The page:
Duke Performances welcomed back to the Duke University campus some very special friends and creative collaborators for a milestone event in their distinguished career. The Kronos Quartet is celebrating 40 years in existence as a groundbreaking ensemble that continues to exert an unprecedented influence on audiences, composers, musicians, and the performing arts in general. As is often the case for artists who perform here, the Triangle area seems to serve as a feeder to or from performances at some of New York City's iconic venues. On Friday, March 28 the Kronos Quartet will be honored with a 40th anniversary concert at Carnegie Hall; but as Aaron Greenwald, executive director of Duke Performances, said in his opening remarks, "Here in Durham, we are always one step ahead of the curve."
In addition to other superlative attributes, Kronos is also virtually unique in the longevity of its personnel. Violinists David Harrington and John Sherba and violist Hank Dutt have all been with the group since its formation in 1973. Sunny Yang, cello, just joined the group last year and she is the fourth cellist. (Bios of all are here.) Anyone who has seen Kronos before or has one of their CDs will know that their performances are highly eclectic, representing widely disparate cultures, and that there is always something new and different. This concert was no exception, although one might be surprised (but perhaps should not be) at the inclusion of one very un-Kronos-like work at the opening of the second half.
Although Kronos is certainly not now the only modern ensemble to do so, these artists have intentionally obliterated the archaic distinction between "classical" composers and "others," who tended to occupy a lower rung on the musical aesthetic ladder. The opener was a perfect example as they performed Aheym (Homeward) by Bryce Dessner (b.1976), guitarist for the rock band The National. The title is Yiddish; the music was written to evoke the experiences of emigration to America and the travails of assimilation. It is a beautifully evocative work, simple yet imbued with great passion and pathos. This was written for Kronos and joins the approximately 800 other commissions created by this group. (No, that number is not a misprint).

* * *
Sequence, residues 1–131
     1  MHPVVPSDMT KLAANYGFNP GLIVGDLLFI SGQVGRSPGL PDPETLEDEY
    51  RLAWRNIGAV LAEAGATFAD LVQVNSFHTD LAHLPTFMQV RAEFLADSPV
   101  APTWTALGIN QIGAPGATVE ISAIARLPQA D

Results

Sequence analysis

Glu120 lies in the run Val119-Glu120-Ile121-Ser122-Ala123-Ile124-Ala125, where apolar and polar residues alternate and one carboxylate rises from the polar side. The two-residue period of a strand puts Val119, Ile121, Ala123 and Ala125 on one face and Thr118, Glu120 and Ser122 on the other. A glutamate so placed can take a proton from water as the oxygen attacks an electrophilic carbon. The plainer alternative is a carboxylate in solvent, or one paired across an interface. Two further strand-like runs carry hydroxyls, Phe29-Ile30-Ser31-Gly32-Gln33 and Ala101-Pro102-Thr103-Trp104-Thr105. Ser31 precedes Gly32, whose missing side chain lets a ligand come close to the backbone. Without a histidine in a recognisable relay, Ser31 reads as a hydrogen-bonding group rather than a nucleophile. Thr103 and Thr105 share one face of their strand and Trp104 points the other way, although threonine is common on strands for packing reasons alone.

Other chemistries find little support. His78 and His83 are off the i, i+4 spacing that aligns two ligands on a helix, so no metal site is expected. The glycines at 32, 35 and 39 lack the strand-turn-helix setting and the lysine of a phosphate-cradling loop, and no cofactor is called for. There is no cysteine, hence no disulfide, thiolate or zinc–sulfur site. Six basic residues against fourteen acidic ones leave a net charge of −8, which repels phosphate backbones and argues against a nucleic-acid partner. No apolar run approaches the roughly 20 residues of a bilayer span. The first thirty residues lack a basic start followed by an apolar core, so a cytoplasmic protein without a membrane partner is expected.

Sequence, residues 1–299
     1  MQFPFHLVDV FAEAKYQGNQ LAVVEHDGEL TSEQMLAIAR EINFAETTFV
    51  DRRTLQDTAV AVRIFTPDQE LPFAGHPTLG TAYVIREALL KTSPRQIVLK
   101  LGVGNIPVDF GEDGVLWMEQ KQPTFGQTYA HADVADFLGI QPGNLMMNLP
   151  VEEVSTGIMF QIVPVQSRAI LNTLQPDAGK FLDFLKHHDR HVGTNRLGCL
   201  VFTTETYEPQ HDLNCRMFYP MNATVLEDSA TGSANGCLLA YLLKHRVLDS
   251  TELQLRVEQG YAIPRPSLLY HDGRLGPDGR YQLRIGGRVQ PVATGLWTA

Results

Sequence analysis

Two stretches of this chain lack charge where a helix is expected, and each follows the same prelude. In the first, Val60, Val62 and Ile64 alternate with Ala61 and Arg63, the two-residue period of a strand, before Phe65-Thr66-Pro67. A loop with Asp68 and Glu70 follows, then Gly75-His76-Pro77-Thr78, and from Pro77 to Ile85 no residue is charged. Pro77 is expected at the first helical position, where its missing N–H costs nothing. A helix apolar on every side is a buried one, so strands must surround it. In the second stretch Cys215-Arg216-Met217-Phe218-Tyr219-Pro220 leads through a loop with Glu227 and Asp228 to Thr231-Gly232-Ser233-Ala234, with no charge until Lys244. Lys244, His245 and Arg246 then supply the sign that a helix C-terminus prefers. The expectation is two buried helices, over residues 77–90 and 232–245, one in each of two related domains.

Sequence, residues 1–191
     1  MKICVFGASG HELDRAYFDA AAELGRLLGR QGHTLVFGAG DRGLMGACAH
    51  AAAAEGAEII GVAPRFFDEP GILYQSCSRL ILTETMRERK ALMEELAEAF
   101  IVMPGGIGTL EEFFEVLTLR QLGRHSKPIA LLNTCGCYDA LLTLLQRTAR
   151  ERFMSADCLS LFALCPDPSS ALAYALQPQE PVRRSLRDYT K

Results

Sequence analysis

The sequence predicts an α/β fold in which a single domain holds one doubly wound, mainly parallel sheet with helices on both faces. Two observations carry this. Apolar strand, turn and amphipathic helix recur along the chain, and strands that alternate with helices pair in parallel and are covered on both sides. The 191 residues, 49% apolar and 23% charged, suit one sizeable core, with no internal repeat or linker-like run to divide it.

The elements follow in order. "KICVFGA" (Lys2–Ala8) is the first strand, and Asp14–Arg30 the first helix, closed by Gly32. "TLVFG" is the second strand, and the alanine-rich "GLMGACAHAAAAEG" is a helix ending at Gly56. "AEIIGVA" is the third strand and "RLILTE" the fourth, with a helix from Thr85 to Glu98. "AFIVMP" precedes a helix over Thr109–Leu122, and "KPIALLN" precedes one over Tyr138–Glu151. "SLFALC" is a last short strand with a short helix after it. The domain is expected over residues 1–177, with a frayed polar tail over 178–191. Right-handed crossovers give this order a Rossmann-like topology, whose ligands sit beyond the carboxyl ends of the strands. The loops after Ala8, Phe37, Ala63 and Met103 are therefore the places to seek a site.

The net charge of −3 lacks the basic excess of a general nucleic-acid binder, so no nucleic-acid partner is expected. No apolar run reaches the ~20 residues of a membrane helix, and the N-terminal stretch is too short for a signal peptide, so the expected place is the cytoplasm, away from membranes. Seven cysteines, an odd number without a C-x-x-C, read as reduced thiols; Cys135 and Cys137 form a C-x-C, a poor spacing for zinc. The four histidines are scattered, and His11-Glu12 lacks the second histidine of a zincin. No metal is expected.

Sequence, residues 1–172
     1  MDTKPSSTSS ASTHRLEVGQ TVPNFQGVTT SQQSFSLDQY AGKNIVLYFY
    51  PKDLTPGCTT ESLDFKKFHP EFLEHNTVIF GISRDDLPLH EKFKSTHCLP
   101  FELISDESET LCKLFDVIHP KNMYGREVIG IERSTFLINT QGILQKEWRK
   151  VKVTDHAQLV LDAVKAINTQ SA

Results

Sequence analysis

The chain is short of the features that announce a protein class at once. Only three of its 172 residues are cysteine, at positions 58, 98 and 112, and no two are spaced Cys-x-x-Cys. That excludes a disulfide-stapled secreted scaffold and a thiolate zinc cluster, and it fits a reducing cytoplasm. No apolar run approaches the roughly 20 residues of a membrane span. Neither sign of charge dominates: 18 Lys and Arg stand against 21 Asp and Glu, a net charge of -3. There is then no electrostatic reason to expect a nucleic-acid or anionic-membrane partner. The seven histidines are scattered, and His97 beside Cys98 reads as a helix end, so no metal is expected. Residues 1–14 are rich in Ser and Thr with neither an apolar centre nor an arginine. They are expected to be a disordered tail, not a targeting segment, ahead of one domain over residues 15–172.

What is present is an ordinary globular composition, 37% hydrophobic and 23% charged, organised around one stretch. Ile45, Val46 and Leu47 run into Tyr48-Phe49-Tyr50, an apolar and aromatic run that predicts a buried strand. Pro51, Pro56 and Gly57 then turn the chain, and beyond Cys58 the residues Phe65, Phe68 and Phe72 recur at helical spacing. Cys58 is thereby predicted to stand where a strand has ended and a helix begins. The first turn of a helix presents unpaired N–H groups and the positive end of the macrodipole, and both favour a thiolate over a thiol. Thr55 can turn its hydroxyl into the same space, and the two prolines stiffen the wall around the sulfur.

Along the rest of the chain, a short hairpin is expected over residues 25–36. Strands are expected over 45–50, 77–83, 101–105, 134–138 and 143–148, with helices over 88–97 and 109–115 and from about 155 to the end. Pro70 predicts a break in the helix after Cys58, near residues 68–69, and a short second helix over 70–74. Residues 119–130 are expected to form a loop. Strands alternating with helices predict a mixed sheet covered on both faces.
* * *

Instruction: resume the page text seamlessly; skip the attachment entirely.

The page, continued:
The place perked up a bit with a brief but revelatory work by Geeshie Wiley, a nearly unknown early 20th century blues artist, in an arrangement by Jacob Garchik. Harrington took the lead while the three others plucked away in a quirky, slightly askew song called "Last Kind Words" that slyly combines sex and war. This and the next piece, "Flow," by Laurie Anderson, also arranged by Garchik, are works arranged for Kronos and commissioned by the David Harrington Research and Development Fund.
I would imagine that no matter how accomplished and experienced a musician you are, it is quite an anxiety-riddled situation to be the newcomer to an institution like the Kronos Quartet. Well, Sunny Yang had the perfect vehicle to highlight her musical credentials in a stunning performance of "Sim Sholom" by Alter Yechiel Karniol, arranged by Judith Berkson. This was taken from a 1913 recording by the cantor Karniol, who reportedly had such a phenomenal tenor voice that he was constantly being recruited by the Metropolitan Opera but who chose to serve his synagogue instead. Yang's performance was not only technically astounding, but, more importantly, stylistically impeccable. Apparently, you don't have to be Jewish to play that way!